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Deontay Burnett can’t talk like Keyshawn Johnson, but USC needs him to play like that

Trojans wide receiver Deontay Burnett touches the Sword of Troy as players head to Howard Jones Field to open summer camp.
(Luis Sinco / Los Angeles Times)

Deontay Burnett politely declined some advice Saturday.

Burnett, a mild-mannered junior from Gardena Serra High, is expected to be the No. 1 receiver this season for USC, which opened training camp Saturday. The role is hallowed territory around Heritage Hall. The last four top pass-catchers at USC were five-star recruits. All made at least one All-American second team.

The Trojans can use a big-time receiver in a group that lost much experience and big-play ability. Usually, such pass catchers wield big, brash personalities — think the Patriots’ tight end Rob Gronkowski or the former USC and NFL receiver Keyshawn Johnson. Burnett does not.

So maybe Burnett can use some flash — a shtick.

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“That’s not my game,” Burnett said after practice Saturday. “My game is to work in silence and get better every day.”

How about a new nickname?

“Just ’Tay,’” he said.

A signature touchdown celebration?

“Nah. Just point at my family, really,” he said. “That’s about it.”

The questions were facetious, but Burnett didn’t smile. He wouldn’t even concede that he is, in fact, USC’s No. 1 receiver.

“I wouldn’t consider myself ‘the guy,’” Burnett said. “We have a lot of talent at the receiving corps.”

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The Trojans need him to be. USC lost its top two targets from last season, JuJu Smith-Schuster and Darreus Rogers. Coach Clay Helton said the receivers concerned him more than any position group.

But, he said, “You can sleep at night because you’ve got Deontay in your back pocket.”

Burnett didn’t even start until USC’s eighth game, after a knee injury ended Steven Mitchell Jr.’s season. Burnett established himself as a reliable, sure-handed target, with a 77% catch rate, exceeding even that of the sticky-fingered Rogers. Offensive coordinator Tee Martin said Burnett committed zero drops during spring practice.

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But Burnett, who finished with 622 yards and seven touchdowns, didn’t exceed 100 yards until the final game of the season.

USC has enjoyed a serendipitous run with explosive receivers. Robert Woods, Marqise Lee, Nelson Agholor and Smith-Schuster all entered as obvious big-play athletes.

Burnett’s ascendance came as a surprise. He initially committed to Washington State. USC didn’t know much about him. Martin, then USC’s receivers coach, noticed him only when he was scouting Burnett’s teammate at Serra, Adoree’ Jackson.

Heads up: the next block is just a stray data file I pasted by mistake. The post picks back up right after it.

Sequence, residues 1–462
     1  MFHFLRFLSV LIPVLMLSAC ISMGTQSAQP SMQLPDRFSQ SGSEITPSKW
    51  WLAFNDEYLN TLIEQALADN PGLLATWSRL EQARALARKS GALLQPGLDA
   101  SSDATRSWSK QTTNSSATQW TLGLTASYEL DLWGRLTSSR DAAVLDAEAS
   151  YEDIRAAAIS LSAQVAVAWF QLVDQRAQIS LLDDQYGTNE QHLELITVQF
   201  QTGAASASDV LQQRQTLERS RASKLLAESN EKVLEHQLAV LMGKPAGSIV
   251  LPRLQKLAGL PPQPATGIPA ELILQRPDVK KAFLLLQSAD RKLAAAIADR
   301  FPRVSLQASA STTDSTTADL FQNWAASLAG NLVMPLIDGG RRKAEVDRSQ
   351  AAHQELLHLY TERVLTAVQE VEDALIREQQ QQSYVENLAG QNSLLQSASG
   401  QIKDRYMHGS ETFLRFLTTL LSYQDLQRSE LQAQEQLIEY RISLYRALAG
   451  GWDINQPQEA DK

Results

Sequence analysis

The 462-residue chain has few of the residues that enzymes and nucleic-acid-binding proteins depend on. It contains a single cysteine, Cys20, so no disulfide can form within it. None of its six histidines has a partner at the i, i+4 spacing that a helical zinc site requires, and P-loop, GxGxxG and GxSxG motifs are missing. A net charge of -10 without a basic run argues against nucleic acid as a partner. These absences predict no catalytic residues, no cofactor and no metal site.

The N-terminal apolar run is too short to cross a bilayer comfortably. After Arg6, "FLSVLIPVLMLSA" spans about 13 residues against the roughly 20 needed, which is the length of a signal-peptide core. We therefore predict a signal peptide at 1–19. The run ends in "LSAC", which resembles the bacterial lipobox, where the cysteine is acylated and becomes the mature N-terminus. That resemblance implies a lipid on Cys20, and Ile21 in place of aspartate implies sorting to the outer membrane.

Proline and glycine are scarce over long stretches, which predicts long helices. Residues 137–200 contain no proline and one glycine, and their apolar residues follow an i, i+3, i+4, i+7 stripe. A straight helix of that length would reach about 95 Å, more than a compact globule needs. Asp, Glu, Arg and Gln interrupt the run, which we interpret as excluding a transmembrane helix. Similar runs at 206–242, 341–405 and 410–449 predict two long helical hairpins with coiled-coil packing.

Trusting an instinct, Martin called Burnett at the last minute, the morning of signing day, to offer a deal. USC was out of its 25 scholarships. But because Burnett wasn’t officially recruited, he could take a blue shirt, meaning his scholarship would begin in the fall, and it would count against the next season’s scholarship count.

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Burnett was not an instant star. Asked if he gets recognized even now, Burnett laughed. “Ha,” he said. “No.”

But the Rose Bowl offered a glimpse of his talent. He caught 13 balls for 164 yards and three scores. He said he watched a replay of his final touchdown, an ad-libbed 27-yard post route that tied the score in the final minutes, just once.

He hasn’t watched it since.

“It’s my mind-set to move past that because I know that the team can achieve greater things,” Burnett said.

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Quarterback Sam Darnold said Burnett does have some typical qualities of a receiver.

“Tay’s always talking to me, ‘Get me the ball, get me the ball,’” Darnold said.

The pair developed a quick chemistry last season and spent much of the summer refining it. Burnett drove to San Clemente to work with Darnold. They enrolled in the same class, Writing 340, and ran throwing sessions after.

“I just come out here just to be the same Deontay as last year but just to work harder,” Burnett said.

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Talking in the third person? He was almost sounding like Johnson.

Quick hits

Reserve cornerback Jonathan Lockett will require hip surgery that will sideline him “for an extended period of time,” Helton said. … Freshman receiver Joseph Lewis IV made a long, difficult catch over a defender along the sideline during seven-on-seven drills. Helton highlighted Lewis and fellow freshman receiver Randal Grimes as impressive on the first day.

zach.helfand@latimes.com

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Follow Zach Helfand on Twitter @zhelfand


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